“All right,” I agreed. “But let me take care of washing it. I know what needs to be done. I can do it better naked, then a quick shower afterwards.”

  Ian looked puzzled, then said, “Oh, hell, let him stay dirty.”

  “All right if you say so, but you aren’t going to want to use this pool or even go through it getting in and out of the Hole until the water has been changed and the pool basin itself scrubbed. I think it is faster to wash the body. Unless—” Janet had just come in. “Jan, you spoke of emptying this plunge into a holding tank. How long does that take? Full cycle, in and out.”

  “About an hour. It’s a small pump.”

  “Ian, I can get that body clean in ten minutes if you will strip it and stick it into the shower. How about his clothes? Do they go down your oubliette, whatever you call it, or do you have some way to destroy them? Do they have to go through the pool tunnel?”

  Things moved fast then, with Ian being fully cooperative and all of them letting me lead. Jan stripped down, too, and insisted on helping me wash the corpse, while Georges put the clothes through their home laundry and Ian went through the water tunnel to make some preparations.

  I did not want to let Janet help me because I have had mind control training and I was fairly sure that she had not. But, trained or not, she is tough. Aside from wrinkling her nose a couple of times she did not flinch. And of course, with her help, it went much faster.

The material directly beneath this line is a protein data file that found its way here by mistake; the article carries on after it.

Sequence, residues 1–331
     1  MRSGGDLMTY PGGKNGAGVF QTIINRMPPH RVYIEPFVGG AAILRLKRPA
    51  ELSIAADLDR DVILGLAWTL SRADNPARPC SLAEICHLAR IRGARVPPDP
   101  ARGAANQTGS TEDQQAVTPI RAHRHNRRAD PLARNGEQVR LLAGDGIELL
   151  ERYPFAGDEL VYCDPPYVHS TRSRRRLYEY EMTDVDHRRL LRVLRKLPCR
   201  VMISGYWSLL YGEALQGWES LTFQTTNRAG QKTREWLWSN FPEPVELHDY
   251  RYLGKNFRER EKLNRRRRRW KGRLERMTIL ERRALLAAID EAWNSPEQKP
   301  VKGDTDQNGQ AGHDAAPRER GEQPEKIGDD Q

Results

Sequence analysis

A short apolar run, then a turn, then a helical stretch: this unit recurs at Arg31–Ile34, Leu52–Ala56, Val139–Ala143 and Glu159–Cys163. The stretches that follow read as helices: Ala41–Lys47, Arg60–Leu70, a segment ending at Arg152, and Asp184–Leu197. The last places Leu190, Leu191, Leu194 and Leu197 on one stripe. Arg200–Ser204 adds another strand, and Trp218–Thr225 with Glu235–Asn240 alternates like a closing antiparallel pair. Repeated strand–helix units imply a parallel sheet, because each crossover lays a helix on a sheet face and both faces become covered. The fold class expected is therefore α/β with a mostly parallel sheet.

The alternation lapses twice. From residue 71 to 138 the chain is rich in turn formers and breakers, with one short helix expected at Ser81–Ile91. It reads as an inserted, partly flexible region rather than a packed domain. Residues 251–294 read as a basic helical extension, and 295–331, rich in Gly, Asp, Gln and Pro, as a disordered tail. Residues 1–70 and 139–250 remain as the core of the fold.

Georges brought the clothes back, dripping. Janet put them into a plastic sack and pressed the air out. Ian reappeared up out of the pool, with the end of a rope. The men hitched it under the body’s armpits and shortly it was gone.

  Twenty minutes later we were clean and dry, with no trace of Lieutenant Dickey left in the house. Janet had come into “my” room while I was transferring items from Dickey’s wallet into the plastic money belt she had given me—primarily money and two credit cards, American Express and Maple Leaf.

  She didn’t make any silly remarks about “robbing the dead”—and I would not have listened if she had. These days, operating without a valid credit card and/or cash is impossible. Jan left the room, came back quickly with twice as much cash as I had salvaged. I accepted it, saying, “You know that I have no notion as to how and when I can repay this.”

  “Certainly I know it. Marj, I’m wealthy. My grandparents were; I’ve never been anything else. Look, dear, a man pointed a gun at me…and you jumped him, with your bare hands. Can I repay that? Both of my husbands were present…but you were the one who tackled him.”

  “Don’t feel that way about the men, Jan; they don’t have my training.”

  “I could see that. Someday I would like to hear about it. Any chance you will go to Québec?”

  “An excellent chance if Georges decides to leave.”

  “I thought so.” She offered me more money. “I don’t keep Q-francs in the house, much. But here is what I have.”